Creative director is George Dvorsky, a Broadway actor with an incredible network of connections in show business. For his inaugural season, which runs through early October, Dvorsky has booked a couple of dozen nationally known performers, providing an eclectic roster of entertainment that ranges from an Elvis Presley act to cabaret singers and classical chamber music.
One that especially interests me is Juice Newton, a country-pop crossover artist who’s been booked for July 20. A five-time Grammy nominee – with one statuette to her credit – Newton sold millions of records in the 1980s. She’s best known for her 1981 cover of “Angel of the Morning” and a trio of gold- and platinum-certified albums from that decade: “Juice,” “Quiet Lies” and “Dirty Looks.” She also had a number of Top 40 singles on the country music charts about that time.
Catch Juice Newton and her trio at 8 p.m. July 20 at Vinegar Hill Music Theatre, 53 Old Post Road (just off U.S. Route 1) in Arundel. Call 985-5552 or visit VinegarHillMusicTheatre.com.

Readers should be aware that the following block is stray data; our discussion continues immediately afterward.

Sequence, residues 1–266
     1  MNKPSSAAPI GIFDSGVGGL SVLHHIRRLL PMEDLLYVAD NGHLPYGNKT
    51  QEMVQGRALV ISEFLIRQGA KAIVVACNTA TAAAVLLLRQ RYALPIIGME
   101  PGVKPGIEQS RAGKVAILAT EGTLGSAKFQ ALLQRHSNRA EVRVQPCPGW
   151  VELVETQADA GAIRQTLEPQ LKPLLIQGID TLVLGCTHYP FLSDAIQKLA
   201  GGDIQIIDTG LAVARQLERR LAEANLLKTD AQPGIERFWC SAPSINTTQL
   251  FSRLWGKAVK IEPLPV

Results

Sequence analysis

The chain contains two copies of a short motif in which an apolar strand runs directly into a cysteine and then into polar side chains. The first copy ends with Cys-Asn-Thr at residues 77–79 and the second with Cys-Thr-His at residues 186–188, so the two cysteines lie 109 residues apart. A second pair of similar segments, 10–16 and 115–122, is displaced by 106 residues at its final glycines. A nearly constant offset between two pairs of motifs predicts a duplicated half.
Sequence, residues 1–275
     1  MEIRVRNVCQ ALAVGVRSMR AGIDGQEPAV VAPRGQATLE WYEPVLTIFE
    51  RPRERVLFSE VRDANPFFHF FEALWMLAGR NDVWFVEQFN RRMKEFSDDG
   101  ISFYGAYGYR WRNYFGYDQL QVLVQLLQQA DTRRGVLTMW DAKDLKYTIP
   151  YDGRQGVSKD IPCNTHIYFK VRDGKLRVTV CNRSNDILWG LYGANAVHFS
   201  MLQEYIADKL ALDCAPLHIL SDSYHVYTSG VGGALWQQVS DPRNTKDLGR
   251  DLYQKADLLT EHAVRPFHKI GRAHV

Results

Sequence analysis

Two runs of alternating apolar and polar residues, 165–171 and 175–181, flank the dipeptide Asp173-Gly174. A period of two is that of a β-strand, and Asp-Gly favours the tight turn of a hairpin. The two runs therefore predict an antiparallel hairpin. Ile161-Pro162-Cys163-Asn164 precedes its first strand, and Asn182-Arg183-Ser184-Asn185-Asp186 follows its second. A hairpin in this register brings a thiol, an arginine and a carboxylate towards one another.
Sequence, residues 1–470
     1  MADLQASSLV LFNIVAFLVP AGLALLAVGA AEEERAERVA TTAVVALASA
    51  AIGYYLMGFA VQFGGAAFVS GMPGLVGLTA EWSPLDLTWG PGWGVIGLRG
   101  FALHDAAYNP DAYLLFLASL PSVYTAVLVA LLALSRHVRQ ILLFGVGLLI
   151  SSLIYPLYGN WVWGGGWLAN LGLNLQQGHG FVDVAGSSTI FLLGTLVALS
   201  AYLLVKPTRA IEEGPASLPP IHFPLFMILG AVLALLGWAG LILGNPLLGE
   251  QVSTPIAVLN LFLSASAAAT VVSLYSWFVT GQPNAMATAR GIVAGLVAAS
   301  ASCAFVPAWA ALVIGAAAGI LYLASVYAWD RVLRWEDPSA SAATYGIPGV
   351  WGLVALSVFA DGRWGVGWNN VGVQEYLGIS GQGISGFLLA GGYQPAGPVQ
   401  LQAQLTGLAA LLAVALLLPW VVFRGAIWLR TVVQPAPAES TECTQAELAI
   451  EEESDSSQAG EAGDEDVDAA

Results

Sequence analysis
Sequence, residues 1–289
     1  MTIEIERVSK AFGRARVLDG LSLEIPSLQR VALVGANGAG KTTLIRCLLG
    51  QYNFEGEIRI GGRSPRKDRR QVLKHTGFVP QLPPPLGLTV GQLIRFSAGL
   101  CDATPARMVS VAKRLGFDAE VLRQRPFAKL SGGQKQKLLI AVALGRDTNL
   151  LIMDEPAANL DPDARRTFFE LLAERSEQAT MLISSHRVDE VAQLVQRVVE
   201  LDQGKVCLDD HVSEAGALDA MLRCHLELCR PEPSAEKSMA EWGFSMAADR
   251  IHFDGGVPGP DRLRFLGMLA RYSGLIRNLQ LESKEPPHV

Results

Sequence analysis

Two of the gold and platinum album sellers of the 1970s had remarkably similar live acts: Billy Joel, an American singer-songwriter who performed at the piano, and Elton John, a British singer-songwriter with the same basic shtick.
Both remain active performers, and they’ve appeared together on a few occasions.
A couple of years ago, Joey Boucher, a Portland pianist and singer, created a tribute act that captured the spirit of the live performances of Joel and John, singing a couple of dozen of their top hits accompanying himself at the keyboard and backed by a small rock band plus a symphony orchestra. He bills the act as “Piano Men.”
Boucher’s selection of songs represents a collection of greatest hits. The set list includes “Angry Young Man,” “My Life,” “Pressure” and “Allentown,” all by Joel, as well as “Rocket Man,” “Your Song,” “Tiny Dancer” and “Levon” by John. The encore features two signature numbers, one by each artist: “Candle in the Wind” by John and and “Piano Man” by Joel.